Although a technology which has been prevalent in many of our business lives for some time, cloud storage has been normalised by the consumer market to the point where using services like iCloud, OneDrive, or Dropbox, has become second nature to many of us. In the business world the available solutions go far beyond a simple way to store your files online, they can provide a host of benefits including accessibility, cost savings, disaster recovery, and scalability.
Despite the clear benefits there are some very real challenges to businesses adopting cloud storage software. Not least trying to consolidate the myriad of services employees are using without company knowledge.
Alastair Pooley, Chief Information Officer at Snow Software commented “The location of cloud storage is crucial, and organisations are increasingly recognising the overall value of moving to the public cloud. Benefits include more agility, the ability to leverage innovations and the potential to get ahead of competitors. As a result of this new normal, there has been a surge in companies enabling a work from home environment.
“Despite the real benefits, adopting the public cloud is not without its challenges. Most organisations are faced with three main challenges once they make the jump: achieving significant cost savings, maintaining the control and security of their data, and fixing the lack of centralised governance.
“The good news is that organisations can overcome these challenges if they have the tools and processes in place to keep up with the constant innovations in the public cloud market – and quickly changing needs of their business.
“The first step in getting control of a business’s public cloud consumption is to understand precisely which employees have deployed cloud instances or applications and what they commonly use. A cloud management platform can help discover cloud resources and enforce the tagging strategy necessary to classify and properly manage the lifecycle and costs of those resources. Once IT teams have a foundation in place, the management platform can monitor, measure and optimise cloud assets without impacting the pace of development or impeding innovation.”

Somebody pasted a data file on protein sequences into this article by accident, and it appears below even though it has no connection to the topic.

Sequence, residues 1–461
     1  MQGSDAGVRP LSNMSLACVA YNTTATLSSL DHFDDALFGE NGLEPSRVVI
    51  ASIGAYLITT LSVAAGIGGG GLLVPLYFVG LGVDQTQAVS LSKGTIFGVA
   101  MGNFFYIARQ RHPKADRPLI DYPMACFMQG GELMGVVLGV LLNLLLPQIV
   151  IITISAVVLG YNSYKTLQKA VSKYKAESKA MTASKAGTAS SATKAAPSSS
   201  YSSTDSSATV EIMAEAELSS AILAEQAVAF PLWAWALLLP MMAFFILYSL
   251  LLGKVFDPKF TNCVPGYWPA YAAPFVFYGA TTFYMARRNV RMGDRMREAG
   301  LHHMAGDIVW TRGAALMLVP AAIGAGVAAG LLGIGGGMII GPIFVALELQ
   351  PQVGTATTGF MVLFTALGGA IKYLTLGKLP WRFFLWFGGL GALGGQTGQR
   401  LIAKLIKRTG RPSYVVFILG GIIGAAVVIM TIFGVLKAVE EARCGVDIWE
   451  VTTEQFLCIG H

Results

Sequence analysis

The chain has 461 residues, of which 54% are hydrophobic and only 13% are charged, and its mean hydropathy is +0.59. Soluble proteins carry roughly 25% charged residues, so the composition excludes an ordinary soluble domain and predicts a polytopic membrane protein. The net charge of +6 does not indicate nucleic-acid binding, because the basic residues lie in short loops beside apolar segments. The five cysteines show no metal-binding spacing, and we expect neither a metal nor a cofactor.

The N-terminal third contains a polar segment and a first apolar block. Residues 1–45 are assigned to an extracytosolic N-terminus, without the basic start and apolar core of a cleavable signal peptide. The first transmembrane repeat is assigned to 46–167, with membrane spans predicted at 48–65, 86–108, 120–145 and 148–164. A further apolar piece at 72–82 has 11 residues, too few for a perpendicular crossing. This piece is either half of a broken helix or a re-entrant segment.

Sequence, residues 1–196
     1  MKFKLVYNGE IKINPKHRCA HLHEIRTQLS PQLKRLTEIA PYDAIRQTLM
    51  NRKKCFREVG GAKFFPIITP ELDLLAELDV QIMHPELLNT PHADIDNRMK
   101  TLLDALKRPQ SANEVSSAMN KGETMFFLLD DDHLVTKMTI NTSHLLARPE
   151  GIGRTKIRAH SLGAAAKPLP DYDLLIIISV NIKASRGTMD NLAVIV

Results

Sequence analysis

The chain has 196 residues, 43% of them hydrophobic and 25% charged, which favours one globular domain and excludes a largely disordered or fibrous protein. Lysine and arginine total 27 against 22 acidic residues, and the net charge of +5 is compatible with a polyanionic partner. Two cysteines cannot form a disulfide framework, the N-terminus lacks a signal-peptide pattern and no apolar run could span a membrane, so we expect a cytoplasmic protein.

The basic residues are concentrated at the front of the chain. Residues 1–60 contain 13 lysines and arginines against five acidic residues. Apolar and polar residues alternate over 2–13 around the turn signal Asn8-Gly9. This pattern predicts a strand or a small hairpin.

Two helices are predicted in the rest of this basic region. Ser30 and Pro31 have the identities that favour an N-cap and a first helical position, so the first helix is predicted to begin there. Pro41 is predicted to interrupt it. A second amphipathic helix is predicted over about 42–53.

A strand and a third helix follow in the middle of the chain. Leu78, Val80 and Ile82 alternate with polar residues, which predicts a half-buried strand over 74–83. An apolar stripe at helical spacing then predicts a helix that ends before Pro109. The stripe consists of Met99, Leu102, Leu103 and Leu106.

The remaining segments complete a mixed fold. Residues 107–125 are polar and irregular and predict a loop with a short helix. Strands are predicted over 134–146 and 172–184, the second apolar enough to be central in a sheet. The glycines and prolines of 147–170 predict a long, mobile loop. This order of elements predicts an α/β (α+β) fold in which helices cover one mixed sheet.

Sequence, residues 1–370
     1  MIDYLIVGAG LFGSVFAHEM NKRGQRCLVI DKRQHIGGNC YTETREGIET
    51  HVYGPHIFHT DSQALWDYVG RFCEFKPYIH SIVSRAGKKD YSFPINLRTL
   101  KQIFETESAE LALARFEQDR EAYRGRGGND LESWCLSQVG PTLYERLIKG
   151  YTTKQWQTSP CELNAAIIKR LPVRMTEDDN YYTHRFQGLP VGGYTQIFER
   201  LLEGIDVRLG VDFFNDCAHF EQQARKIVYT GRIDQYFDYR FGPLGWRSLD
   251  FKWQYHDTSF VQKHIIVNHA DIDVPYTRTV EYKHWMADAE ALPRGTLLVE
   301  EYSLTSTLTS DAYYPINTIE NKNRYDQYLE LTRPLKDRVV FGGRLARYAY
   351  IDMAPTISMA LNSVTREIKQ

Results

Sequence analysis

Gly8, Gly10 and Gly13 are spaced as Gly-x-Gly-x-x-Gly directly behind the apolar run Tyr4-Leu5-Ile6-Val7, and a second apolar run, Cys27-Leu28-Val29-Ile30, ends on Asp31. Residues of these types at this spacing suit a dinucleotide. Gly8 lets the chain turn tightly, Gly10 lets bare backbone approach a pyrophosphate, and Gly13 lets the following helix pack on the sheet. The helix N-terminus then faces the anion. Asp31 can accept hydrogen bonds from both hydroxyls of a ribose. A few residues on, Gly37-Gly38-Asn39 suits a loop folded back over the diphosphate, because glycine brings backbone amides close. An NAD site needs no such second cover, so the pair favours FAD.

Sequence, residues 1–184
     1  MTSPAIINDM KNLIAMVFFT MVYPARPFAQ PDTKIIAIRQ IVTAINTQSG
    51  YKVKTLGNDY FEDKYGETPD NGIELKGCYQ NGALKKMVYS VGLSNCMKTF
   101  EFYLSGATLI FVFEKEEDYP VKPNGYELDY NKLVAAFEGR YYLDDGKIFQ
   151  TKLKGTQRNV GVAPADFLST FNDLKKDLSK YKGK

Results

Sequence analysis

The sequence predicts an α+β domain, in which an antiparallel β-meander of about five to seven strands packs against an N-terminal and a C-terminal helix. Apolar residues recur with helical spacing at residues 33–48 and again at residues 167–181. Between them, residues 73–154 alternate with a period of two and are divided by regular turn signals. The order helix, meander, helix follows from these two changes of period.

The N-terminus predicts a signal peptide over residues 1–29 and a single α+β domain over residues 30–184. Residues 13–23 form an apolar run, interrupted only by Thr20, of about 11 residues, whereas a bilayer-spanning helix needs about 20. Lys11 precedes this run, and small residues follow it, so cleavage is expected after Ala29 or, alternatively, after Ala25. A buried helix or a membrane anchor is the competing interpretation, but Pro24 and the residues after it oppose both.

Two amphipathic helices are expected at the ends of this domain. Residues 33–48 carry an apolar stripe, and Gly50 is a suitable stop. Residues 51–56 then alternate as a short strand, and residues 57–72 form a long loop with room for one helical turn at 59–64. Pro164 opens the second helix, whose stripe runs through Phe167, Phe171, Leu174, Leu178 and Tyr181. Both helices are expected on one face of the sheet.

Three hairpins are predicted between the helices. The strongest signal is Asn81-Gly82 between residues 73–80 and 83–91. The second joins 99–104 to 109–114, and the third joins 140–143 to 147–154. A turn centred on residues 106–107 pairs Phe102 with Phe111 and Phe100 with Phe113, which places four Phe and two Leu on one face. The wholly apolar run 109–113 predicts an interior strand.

Consumer applications are prevalent in the workplace and come with some sizeable risks. As people rushed home during the beginning stages of the pandemic it is likely many free apps made it into the remote working strategy. However, as businesses start to find their feet with the right technology many of these DIY apps could pose a significant threat.
Jesse Stockall, Chief Architect of Cloud Management at Snow Software commented, “Unapproved or unauthorised cloud-based applications may open the organisation’s corporate network and sensitive data open to risk. It is my view that the negative term “shadow IT” should no longer be used and instead this expansion of technology should be seen as the new normal. IT professionals must find ways of working which are seen to be supportive to workers and their preferences.
“To help manage employee behaviour and encourage proper device usage, best practice would be to rely on a combination of approaches including: security awareness education, visibility of the organisation’s IT estate, and implementing active controls.”